“The Climb” – Season 3, Episode 6
Having now swiftly passed the half-way mark of season 3, plotlines are now in motion, moving in various directions across the map, all except for Theon that is. Theon isn’t moving anywhere in fact – tied up in a dungeon, in an unknown place and by an unknown captor with unknown motives.
Another torture plotline is fleetingly featured in this episode – one that both shocks and reveals, and resulting draws attention to the dwindling Theon situation. That, of course, is Joffrey’s torture of Ros, where she is shot multiple times by his crossbow, and finally killed by an arrow through the heart.
The torture juxtaposition is interesting when we consider how much screen time Theon has had in comparison to Ros. Where we have been following Theon’s relatively non-moving dungeon storyline since episode 1, with numerous scenes and comparably copious amounts of screen time, Ros’ torture was given less than a twenty-second flash on the screen and some rather concise narration from Littlefinger.
Having watched Theon suffer in this same dark space since episode 1 means dungeon scenes, though still unpleasant, are no longer shocking. The viewer has become desensitised to the threats of torture, and seeing the bedraggled Theon still dehydrated and chained to the wooden cross isn’t doing much for the energy of an already slow-moving series. In contrast to the blank space occupied by Theon, Ros’ torture space looks very much like a classic painting; her pale hanging body stark against the deep reds and golds of the King’s bedroom. Though both Theon and Ros’ bodies are hanging in the same way, the change of spatial configuration is jarring in the small glimpse we are given of Ros’ pin-cushioned dead body.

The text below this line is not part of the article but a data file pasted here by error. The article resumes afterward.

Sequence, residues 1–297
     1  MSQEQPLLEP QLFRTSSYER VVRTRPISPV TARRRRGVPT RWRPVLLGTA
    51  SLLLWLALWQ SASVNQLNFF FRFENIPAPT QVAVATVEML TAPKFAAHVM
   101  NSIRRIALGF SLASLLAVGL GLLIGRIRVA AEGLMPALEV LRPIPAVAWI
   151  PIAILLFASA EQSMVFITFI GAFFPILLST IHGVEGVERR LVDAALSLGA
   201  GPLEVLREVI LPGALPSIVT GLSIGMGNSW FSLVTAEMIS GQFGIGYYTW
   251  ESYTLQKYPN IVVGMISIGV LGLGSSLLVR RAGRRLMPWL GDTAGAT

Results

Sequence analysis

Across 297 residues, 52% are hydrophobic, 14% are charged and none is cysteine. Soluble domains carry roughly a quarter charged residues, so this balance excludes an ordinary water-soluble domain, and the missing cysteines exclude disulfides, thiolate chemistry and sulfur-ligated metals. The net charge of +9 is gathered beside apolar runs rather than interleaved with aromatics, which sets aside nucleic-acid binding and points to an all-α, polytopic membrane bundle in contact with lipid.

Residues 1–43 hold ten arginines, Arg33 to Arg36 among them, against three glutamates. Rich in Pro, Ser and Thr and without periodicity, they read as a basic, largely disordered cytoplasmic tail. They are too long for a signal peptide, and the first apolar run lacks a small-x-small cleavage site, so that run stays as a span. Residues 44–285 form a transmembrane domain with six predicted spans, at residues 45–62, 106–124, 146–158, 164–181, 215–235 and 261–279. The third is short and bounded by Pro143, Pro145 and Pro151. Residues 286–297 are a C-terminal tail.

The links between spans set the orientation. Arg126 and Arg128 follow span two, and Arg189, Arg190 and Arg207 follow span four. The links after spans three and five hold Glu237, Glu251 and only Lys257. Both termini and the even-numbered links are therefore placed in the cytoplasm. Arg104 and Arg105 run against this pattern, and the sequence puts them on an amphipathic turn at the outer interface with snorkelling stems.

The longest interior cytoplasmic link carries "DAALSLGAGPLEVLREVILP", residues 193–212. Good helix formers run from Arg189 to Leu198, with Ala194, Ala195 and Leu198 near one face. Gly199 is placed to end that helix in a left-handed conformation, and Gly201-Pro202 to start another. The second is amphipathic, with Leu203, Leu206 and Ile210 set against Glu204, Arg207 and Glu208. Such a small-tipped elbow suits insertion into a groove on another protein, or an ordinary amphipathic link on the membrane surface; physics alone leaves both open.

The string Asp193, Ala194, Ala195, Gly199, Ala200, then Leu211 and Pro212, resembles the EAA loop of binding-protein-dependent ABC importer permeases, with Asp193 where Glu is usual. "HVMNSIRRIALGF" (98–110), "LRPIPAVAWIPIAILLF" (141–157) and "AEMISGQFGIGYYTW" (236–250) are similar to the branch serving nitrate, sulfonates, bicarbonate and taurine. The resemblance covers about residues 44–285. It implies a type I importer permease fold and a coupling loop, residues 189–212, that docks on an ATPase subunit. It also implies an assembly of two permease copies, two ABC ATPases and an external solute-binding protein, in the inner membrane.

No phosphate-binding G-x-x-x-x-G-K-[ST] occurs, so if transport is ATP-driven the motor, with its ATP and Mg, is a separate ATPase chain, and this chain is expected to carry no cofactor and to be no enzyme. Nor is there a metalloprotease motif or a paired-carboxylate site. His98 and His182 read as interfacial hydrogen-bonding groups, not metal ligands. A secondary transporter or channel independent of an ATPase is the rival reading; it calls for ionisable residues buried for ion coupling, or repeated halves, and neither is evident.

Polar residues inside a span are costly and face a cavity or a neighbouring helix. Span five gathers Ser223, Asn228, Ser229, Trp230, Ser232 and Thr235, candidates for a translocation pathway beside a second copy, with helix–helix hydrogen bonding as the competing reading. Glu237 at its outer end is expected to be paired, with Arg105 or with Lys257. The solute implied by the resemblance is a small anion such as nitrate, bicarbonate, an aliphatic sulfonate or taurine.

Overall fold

Equally, despite the usually engaging plot device of withholding information from the viewer, we are aware of everything leading up to Ros’ death – harking right back to the scene on the docks where she warned Shae to be careful of Littlefinger’s intentions, to Ros acting as a spy for Varys, right up to the end where Littlefinger narrates her death. With Theon and Rheon’s character, we know practically nothing. This episode led us to believe that we’d finally reached a reveal when Rheon’s character promises to confess his identity and their location should Theon guess correctly – or otherwise cut off Theon’s little finger – but it turns out he’s just pulling Theon’s chain. And again, we’re left at the end of another dungeon scene still knowing nothing!
The more effective torture scene certainly belongs to Ros despite ridiculously little screen-time and none at all of the actual torture taking place – only the final, scarring image of the events that took place off-screen.